What should I do if someone I know is talking to an unsafe person?
It is important to reassure the person you are concerned for that they can trust you and that you are there to listen and support them. When we speak to children we talk about finding a 'trusted adult'. Trusted doesn't necessarily mean a police officer or a teacher, but preferably someone whom that person can talk to in a free and uninhibited way – someone who can support them and guide them.
Parents want nothing but the best for their children, but sometimes they can’t be that 'trusted adult'. Children don't want to let their parents down, or they may worry that they might be punished in some way – perhaps by having their internet access cut off – and so will sometimes not confide in their parents.
Many of us – and particularly young people – use the internet every day. The risk of losing that connectivity can be a real barrier to them coming forward and telling someone what is happening to them.
When a child discloses to you that they are in potential danger, or that something has already happened to them, the natural reaction is to want to solve the situation immediately. This can sometimes lead to parents and guardians taking phones, computers and access privileges away. In doing this, we are in effect punishing the child for having the confidence to come and talk to us about what is going on.
It’s easier said than done, but the key is to remain calm, listen to the child and understand what has happened, or is happening, to them. Once all the facts are known, you can together work out how you are going to deal with the situation.
Trust is also crucial when it comes to helping adults – although it can be more difficult to cultivate. Signposting people to counselling and support groups, where they can talk openly and honestly without judgement, can be an important first step.
What can I do to prevent someone from being groomed or radicalised?
It all starts with education. From an early age, people need to be equipped with the skills and confidence to engage with the digital world safely, and to know where to go for help when things go wrong.
This involves being willing to tackle and embrace difficult conversations appropriate to different age groups. In the same way that we educate children in maths, English and science, we need to talk about diversity, sexuality, religion and politics in schools. We need to empower young people, so when someone challenges their way of thinking, they can fall back on their own knowledge, rather than being led down a path because they know no different.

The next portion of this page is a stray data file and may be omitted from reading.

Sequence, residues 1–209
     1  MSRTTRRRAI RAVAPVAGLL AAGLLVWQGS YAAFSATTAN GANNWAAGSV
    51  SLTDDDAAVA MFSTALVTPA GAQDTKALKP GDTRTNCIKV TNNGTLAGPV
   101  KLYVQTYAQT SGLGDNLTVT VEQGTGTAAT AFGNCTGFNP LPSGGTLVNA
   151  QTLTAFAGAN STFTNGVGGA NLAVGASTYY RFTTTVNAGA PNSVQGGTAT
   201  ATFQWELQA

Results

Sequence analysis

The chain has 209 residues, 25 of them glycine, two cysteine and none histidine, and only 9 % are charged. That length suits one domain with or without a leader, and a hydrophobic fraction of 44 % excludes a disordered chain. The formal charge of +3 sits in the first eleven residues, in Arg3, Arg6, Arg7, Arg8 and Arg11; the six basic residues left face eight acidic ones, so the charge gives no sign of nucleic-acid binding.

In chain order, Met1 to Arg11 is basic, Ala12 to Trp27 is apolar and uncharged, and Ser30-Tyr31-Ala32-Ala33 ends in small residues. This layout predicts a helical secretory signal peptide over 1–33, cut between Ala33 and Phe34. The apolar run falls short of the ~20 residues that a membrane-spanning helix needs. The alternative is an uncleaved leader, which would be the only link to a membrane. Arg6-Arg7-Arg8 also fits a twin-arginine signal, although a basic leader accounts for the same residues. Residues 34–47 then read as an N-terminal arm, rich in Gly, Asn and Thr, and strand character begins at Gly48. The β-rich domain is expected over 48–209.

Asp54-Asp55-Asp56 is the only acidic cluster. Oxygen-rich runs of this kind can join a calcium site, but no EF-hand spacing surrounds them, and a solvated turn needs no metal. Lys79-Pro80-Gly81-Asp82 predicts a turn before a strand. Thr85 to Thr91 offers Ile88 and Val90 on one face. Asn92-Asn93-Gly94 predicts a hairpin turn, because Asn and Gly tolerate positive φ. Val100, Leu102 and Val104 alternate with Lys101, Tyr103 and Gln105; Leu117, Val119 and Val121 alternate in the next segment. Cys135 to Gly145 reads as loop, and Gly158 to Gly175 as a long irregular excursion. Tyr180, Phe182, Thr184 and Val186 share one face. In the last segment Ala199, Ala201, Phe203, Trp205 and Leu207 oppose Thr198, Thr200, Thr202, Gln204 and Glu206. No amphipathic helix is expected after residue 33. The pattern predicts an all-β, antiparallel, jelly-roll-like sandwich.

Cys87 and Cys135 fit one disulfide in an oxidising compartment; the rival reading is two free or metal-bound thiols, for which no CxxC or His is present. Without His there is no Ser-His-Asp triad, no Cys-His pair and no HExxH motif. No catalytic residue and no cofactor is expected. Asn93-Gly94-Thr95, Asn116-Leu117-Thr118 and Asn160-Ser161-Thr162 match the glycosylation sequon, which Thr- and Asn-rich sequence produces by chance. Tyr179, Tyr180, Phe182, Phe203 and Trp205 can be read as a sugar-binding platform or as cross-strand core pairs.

It’s also important that we keep up to date with technology and understand how it changes. All too often we hear parents say, 'I don't understand this, it's all new to me.' It can be challenging to keep up to date, but it is our responsibility as parents and guardians to ensure we do. We also need to educate ourselves about the online world and the issues that children, young people and vulnerable adults may be faced with online.
That can be as simple as spending time with a young person and playing and using some of the games and social media platforms they love. Getting to know games like Fortnite or Fifa, and platforms like Instagram and Snapchat, may not be the most appealing prospect, but by engaging with a child, we will not only begin to understand what they are doing online and the potential dangers, but more importantly we can start to build their trust.
The expression 'digital natives and digital immigrants' was coined in 2001 by writer Marc Prensky in his 2001 article entitled Digital Natives, Digital Immigrants to illustrate the contrast between how children and adults typically use and understand technology. However, it is important to remember that, while children may be fearless when it comes to technology, they are still children and lack the cognitive ability to appreciate risk. Adults should not confuse a child’s apparent 'confidence' with an innate 'capability'. It's important for parents and guardians to find ways to build trust with their child, so that they feel safe to turn to an adult if they are in trouble or need help.
Are there any resources available to help people stay safe online?
There are resources and websites available that can help in all manner of situations, and they are a great way to stay in the loop.
Common Sense Media’s website reviews games, books, films and music and all sorts of digital content. Children and young people adopt new games and social media platforms rapidly, and this resource is a fantastic way to keep up to date.
Our resource, the UK Safer Internet Centre, combines three of the best online safety charities under one roof. Our website is packed with tips and hints, which are especially useful for professionals working with children and young people. The UK Safer Internet Centre is one of the 31 centres across Europe that make up the Insafe network.
Educate Against Hate is a website specially designed to empower professionals working with children and young people around radicalisation. It has a hub for school and parents with lots of practical advice.
Understanding what digital skills children should have is important and UKCIS released a competency framework (Education in a Connected World) in 2018 that describes these for five to eighteen-year-olds.
Lastly, the NSPCC website also has some great articles and advice on everything from online bullying to grooming and radicalisation of young people.